Comprehensive Retention Programs:  A total of $550,000 was awarded through CTE to enhance undergraduate retention.  Of this sum, $210,000 was designated for faculty development and $340,000 was designated for University College.  The University College programs include upgrading staff positions in the mathematics Assistance Center, hiring a coordinator of thematic learning communities (involving about 1800 new students in fall 2004), improvements in the Writing Center, creating a shared position with admissions  for recruitment of under represented students, and development of a “bridge program” for high school students who need assistance in preparing for c9ollege level work in the summer preceding enrollment at IUPUI.  The faculty development funds were concentrated on faculty (including lecturers and part-time faculty) who teach in the Gateway Program—the approximate 30 courses that account for about 40% of all undergraduate enrollments, typically introductory courses such as psychology, sociology, history, writing, communications, and mathematics.  Some of the funds will be used to develop computer-based course materials.


Campus Visitation:  $140,000 was allocated in base funds to develop a campus visitation program for prospective undergraduates.  However, only $100,000 was assigned for use in 2003-04, and these funds were fully committed and used in the first year to hire staff, develop on-line self -service programs, and to create a video that helps prospective students understand the rich opportunities available at IUPUI.  A special emphasis has been placed on working with middle school teachers and parents since many of the most important decisions about college attendance are made at the transition from middle school to high school.


Shared Advisors:  $50,000 was allocated to the program for the first year; the full base commitment of $100,000 will be made available in 2004-05.  Due to slow implementation, only $30,000 will actually be used in 2003-04.  However, two advisors have been hired, shared with nursing and general studies.  This approach to sharing academic advising between University College and the schools improves communication and accuracy of advice.  A third advisor shared with education was not successful and the search has been re-opened.


Peer Scholars:  $50,000 was allocated in cash for the first year with the full base commitment of $150,000 becoming available in 2004-05.  Due to a slow start in recruitment, the position will not be filled until fall 2004.  The search is currently underway for a program director and recruitment of participating students has begun for next year.  The cash allocation, therefore, will be reclaimed by the campus for other uses and the program will actually begin at full implementation in the second year.


Learning Through Work:  $50,000 was allocated in cash for 2003-04; the full base commitment of $100,000 will be made available in 2004-05.  During the first year, 37 undergraduates were supported in a program that connects working on campus with their academic objectives.  Three students were in economics, three in physics, and 31 in biology.  The program will extend the work-study opportunities during the summer to use fully all of the initial cash allocation.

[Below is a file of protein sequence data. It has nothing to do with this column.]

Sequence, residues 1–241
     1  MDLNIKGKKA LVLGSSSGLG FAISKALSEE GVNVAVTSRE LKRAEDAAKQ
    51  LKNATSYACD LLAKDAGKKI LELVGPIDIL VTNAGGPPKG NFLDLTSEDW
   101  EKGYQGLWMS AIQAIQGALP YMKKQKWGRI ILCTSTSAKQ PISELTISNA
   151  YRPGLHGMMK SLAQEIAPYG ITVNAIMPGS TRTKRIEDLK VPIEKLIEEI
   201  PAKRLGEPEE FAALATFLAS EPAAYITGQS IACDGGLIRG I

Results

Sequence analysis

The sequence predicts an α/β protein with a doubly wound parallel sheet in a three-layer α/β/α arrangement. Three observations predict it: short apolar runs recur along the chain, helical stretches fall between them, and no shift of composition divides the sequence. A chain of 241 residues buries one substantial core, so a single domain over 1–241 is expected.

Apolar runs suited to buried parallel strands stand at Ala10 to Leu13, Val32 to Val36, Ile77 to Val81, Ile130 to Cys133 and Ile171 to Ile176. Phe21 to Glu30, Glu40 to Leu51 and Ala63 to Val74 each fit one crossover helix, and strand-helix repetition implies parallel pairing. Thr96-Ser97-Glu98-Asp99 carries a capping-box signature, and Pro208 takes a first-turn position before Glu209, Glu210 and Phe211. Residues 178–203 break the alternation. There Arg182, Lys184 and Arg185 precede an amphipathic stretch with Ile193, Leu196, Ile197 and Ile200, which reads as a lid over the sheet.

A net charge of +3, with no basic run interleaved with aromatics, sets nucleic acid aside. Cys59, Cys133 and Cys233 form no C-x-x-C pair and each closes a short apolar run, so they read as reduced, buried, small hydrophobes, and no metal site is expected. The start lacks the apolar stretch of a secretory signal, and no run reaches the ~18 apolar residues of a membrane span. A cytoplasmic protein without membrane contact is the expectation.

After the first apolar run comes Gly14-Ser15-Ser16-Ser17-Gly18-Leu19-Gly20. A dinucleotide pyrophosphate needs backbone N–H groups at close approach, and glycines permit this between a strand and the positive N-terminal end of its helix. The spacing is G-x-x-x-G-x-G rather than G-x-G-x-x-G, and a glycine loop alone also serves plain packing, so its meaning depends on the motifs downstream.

Conversion of Part-Time Lecturers:  IUPUI completed the third of four planned installments of converting part-time lecturers into full time positions.  A total of $570,000 in base funds were committed for this purpose.   Eighteen new full time lectures were added, bringing the total to 89 since 2001-02.  Nineteen positions will be added in 2004-05.  The 18 positions for 2003-04 were assigned as follows:  IUPUC (2), liberal arts (6), science (2), engineering and Technology (2), University College (1), education (1), SPEA (1), PE (1), business (1), and Herron (1).


University Library:  CTE base funds of $300,000 were added to the University Library budget for materials acquisitions:  $240,000 was assigned to discipline-based collections, $30,000 for new electronic resources, and $30,000 for copyright and other related expenses.  All of the funds have been fully committee but due to the billing for materials, some bills for commitments may not be paid until the following year.


Internationalization:  $100,000 in CTE base funds were dedicated to internationalization projects in 2003-04, including the hiring of a new associate dean (whose position was increased from half-time to full-time); a study aboard coordinator position was made full-time and admissions staff were augmented.  International Affairs will move from the Union Building at the western edge of campus to E/SW in the summer, bringing the program and associated student services to the center of the campus.  Some funds for occupying the new space will be used in 2004-05, along with equipping a Global Education Center to be used for language instruction and interaction with universities and students around the world via distance learning; this center will be operated in cooperation with UITS and departments in the School of Liberal Arts as a campus-wide resource.